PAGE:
Naperville School District 203 is working to get the word out about its new method for compensating teachers.
District officials made an appearance recently before the Naperville Area Homeowners Confederation to talk about Career 203, a new approach to pay teachers that seeks to reward them for specific achievements that directly relate to their teaching duties.
The common practice among public school districts has long been to reward teachers with a yearly cost of living increase, along with a “step increase,” which meant only that the individual had served another year.
Raises were also awarded for a specific number of education hours completed beyond a certain degree, whether or not the courses actually related to the teacher’s duties in the district.
That’s about to change in D203. Career 203, being implemented over the course of the current three-year teachers contract, will continue the cost of living raises, but begin to tie any step increases to activities that contribute to student development.
Teachers will still be candidates for tenure after four years, after which they will be encouraged to embark on career paths, some of which might be titled “expert, master or research” educators.
The activities undertaken to enhance their skills, and their compensation, could be serving on or chairing an education committee, helping to develop curriculum or earning a second master’s degree or doctorate in education leadership.
Depending on the activity undertaken, extra compensation could be either permanent or on a one-time basis, district officials said.
If a teacher doesn’t continue to improve his or her skills in accordance with district policies, they might remain at the same level of compensation and only receive cost of living increases as negotiated by contract.
District 203 Superintendent Dan Bridges sees the effort as an improvement over the old system of rewarding teachers only for years of service, and thinks the new model might have ramifications beyond District 203.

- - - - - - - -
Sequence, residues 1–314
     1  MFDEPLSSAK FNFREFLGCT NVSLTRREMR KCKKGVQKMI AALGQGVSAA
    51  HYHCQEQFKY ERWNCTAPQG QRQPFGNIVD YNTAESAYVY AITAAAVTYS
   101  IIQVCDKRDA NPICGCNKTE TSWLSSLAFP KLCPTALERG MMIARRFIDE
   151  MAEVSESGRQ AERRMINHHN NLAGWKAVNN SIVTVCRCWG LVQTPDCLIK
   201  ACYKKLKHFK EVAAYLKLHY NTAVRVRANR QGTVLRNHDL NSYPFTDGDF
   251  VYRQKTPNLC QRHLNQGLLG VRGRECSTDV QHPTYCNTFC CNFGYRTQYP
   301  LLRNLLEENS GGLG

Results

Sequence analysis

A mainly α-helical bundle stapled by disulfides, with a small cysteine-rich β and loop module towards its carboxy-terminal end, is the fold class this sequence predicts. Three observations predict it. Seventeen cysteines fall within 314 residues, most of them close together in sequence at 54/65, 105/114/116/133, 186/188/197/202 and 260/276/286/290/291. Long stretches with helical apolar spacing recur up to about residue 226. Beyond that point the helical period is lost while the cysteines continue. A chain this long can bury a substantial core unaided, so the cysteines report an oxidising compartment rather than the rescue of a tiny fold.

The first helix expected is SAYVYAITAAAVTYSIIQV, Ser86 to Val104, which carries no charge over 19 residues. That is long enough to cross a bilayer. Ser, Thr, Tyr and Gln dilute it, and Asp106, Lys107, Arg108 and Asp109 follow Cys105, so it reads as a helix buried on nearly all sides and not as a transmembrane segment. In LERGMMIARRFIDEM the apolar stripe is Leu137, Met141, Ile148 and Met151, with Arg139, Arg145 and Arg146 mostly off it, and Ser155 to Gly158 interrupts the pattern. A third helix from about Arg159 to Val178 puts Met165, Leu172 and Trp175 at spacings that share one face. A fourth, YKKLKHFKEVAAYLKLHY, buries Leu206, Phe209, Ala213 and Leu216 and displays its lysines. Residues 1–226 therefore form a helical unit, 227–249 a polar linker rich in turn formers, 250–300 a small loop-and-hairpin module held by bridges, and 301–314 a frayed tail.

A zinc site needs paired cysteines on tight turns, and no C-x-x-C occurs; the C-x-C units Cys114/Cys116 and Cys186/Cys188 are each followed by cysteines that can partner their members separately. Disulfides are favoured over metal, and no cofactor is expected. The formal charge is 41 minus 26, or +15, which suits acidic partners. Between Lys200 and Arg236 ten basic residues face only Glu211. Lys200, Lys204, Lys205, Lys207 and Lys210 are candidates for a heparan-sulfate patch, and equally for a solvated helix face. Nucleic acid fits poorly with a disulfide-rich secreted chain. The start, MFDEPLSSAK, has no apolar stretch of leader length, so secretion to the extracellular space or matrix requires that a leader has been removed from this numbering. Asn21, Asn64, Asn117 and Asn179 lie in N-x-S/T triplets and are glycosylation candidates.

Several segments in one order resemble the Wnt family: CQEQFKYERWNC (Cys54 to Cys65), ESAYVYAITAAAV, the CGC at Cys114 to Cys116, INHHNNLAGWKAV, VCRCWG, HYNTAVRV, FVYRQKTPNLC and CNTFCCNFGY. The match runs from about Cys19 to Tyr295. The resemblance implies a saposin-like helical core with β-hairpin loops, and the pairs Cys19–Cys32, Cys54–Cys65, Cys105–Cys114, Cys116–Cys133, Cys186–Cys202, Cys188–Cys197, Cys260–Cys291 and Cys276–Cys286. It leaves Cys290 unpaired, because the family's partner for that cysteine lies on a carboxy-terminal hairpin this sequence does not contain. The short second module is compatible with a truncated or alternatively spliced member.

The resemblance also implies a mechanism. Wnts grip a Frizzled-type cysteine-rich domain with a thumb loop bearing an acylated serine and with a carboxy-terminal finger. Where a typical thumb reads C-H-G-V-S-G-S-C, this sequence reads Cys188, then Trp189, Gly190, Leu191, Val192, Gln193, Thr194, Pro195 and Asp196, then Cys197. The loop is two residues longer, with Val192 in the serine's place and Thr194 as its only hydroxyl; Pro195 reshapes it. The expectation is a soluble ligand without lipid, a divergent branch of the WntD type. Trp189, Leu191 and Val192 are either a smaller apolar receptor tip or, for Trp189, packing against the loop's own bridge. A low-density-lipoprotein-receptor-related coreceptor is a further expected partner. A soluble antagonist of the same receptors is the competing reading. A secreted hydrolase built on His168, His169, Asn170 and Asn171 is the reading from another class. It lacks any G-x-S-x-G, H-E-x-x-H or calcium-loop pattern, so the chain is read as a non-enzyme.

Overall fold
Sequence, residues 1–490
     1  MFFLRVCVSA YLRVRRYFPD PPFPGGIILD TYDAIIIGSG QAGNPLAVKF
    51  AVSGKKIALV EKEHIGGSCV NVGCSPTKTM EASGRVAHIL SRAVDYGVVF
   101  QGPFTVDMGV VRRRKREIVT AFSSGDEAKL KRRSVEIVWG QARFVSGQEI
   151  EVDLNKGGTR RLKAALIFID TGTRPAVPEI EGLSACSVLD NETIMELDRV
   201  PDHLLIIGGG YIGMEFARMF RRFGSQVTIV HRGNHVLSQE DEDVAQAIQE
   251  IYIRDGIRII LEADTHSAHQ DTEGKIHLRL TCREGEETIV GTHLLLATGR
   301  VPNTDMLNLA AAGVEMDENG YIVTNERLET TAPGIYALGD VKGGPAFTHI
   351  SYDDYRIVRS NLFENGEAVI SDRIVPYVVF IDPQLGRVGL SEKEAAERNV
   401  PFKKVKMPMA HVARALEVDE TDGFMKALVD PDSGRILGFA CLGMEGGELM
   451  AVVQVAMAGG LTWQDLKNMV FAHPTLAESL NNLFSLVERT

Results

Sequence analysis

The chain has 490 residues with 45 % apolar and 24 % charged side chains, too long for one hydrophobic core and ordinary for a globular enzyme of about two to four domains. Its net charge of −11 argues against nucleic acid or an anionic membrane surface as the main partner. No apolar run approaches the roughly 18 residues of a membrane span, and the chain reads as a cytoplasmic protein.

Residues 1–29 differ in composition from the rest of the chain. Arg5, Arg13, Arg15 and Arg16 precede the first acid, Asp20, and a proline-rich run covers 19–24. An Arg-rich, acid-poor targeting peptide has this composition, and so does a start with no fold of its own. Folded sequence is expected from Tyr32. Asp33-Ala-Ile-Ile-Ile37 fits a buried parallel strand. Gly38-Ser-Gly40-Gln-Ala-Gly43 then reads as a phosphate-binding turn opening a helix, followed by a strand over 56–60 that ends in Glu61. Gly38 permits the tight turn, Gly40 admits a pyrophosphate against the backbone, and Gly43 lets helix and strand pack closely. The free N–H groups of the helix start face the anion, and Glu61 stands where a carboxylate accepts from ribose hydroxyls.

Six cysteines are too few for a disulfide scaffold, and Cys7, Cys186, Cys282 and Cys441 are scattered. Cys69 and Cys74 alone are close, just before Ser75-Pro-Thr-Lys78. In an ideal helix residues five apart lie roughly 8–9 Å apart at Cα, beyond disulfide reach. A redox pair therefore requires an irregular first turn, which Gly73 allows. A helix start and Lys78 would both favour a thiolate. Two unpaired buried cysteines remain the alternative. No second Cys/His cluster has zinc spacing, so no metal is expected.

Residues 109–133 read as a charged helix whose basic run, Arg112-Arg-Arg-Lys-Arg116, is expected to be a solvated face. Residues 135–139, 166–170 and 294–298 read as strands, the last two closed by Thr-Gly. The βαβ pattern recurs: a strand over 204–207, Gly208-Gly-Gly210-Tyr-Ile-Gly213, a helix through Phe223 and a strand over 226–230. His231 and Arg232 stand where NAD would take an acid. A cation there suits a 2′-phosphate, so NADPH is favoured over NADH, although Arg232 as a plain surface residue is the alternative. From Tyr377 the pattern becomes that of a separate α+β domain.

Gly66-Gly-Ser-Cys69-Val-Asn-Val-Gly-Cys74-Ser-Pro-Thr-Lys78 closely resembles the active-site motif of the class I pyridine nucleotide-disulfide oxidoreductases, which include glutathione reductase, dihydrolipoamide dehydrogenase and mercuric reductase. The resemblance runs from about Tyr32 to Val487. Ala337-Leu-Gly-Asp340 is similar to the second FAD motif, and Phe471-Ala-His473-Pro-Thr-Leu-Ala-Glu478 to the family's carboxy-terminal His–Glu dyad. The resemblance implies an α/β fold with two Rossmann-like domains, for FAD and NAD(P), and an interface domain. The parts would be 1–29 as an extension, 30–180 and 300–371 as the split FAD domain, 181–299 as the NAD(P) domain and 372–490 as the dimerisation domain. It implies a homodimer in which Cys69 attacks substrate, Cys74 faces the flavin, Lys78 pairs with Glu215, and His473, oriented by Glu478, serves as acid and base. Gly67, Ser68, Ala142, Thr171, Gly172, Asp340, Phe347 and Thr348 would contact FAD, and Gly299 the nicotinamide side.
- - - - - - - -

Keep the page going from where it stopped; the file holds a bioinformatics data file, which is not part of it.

“It really has the ability to set a standard for how teachers are compensated,” he said, noting the the program could be applied regionally or nationally.
Also changing is the criteria for laying off faculty due to an “RIF,” or reduction in force. Previously, layoffs of this sort were made strictly by seniority. In future faculty reductions, the district will be allowed to consider student growth and development as a factor in layoffs.
At the meeting, City Councilman Grant Wehrli asked how the total expenditures for teachers’ salaries would compare with the new system to the previous system.
Bridges acknowledged that, due to the new system being phased in over the life of the contract that ends in 2016, the total figures would probably be very similar.
Also at the meeting, Bridges acknowledged the financial challenges facing all school districts, adding that pension costs being shifted back to local districts from the state is a big concern.
One step taken by District 203 in its new teachers contract is to begin to phase out both early retirement enhancements and the practice of bumping up faculty salaries in the years leading up to retirement to sweeten pensions.